As we know from social psychological research of the last 50 years, human information processing (i.e., perception, evaluation, storage, retrieval) is by no means “objective”, but rather motivationally biased: Information processing is essentially shaped by individual goals, values, attitudes, and expectations. Nevertheless, the assumption that humans are always willing and able to absorb information unfiltered, to weigh arguments rationally, to make reasoned (“rational”) decisions, etc., is still found in many social discourses and practices (e.g. criminal law) and political programs. If one were to accept human information processing for what it is – motivated biased – some paradoxes would be resolved and social conflicts would be better understood.
- Prof. Dr. Florian Englmaier (LMU),
- Prof. Dr. Karsten Fischer (LMU),
- Prof. Dr. Mario Gollwitzer (LMU),
- Dr. Astrid Séville (LMU) and
- Dr. Anna Wehofsits (LMU)
- Assoc. Prof. Robby Akerlof (Warwick),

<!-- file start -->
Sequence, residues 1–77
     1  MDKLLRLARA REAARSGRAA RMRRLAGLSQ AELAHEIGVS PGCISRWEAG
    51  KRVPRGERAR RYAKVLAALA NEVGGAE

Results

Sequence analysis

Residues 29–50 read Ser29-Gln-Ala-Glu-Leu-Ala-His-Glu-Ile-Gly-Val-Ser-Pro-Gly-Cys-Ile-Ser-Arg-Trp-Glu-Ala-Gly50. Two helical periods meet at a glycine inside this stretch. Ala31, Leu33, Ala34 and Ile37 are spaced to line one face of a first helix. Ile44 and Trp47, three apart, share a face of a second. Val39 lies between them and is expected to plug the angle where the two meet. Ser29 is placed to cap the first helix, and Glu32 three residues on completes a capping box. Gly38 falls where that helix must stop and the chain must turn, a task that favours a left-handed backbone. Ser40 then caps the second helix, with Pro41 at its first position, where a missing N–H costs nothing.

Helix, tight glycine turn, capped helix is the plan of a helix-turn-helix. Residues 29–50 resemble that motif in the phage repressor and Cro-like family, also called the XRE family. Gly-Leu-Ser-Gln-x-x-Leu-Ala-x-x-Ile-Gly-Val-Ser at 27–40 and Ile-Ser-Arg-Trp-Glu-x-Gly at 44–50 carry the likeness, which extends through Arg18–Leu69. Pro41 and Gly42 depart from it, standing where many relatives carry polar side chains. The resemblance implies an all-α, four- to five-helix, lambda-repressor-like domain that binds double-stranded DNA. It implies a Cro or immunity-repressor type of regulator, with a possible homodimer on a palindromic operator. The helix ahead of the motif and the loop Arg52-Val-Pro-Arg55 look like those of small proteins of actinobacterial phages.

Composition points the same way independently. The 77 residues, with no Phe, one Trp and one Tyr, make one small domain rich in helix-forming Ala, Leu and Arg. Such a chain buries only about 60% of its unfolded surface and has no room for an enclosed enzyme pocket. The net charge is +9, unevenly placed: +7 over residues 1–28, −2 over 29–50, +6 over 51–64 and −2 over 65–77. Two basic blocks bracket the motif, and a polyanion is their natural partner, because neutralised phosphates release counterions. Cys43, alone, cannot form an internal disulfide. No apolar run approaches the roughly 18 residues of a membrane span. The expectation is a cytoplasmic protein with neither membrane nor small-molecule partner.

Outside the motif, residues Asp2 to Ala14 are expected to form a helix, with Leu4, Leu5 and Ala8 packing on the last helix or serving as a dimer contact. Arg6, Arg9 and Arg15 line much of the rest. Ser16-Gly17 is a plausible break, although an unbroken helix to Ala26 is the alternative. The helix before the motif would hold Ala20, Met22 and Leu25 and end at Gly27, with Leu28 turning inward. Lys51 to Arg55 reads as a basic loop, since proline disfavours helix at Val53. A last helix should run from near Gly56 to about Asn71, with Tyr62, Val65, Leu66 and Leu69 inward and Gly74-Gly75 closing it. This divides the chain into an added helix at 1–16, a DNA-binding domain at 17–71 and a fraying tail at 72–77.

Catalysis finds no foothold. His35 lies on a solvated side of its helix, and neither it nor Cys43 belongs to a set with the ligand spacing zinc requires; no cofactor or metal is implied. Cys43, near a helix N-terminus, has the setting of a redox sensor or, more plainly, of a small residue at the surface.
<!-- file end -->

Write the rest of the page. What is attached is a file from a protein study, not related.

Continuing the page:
- Prof. Jeanne Hagenbach (CNRS/Sciences Po, Paris),
- Prof. Stephan Lewandowsky (Bristol),
- Prof. Eric Schwitzgebel (UC Riverside),
- Prof. Åsa Wikforss (Stockholm) and others.
The event is part of the CAS research focus Democracy in crisis.
The event will be streamed in English. Prior registration by email is required. For further information, see the CAS website.
The Center for Advanced Studies at LMU provides a forum for scientific exchange and discussion that bridges the divide between the established disciplines. Its activities are designed to promote all forms of collaborative research and to stimulate interdisciplinary communication within the University. In addition, it facilitates the integration of visiting scholars and scientists into the academic life of the University.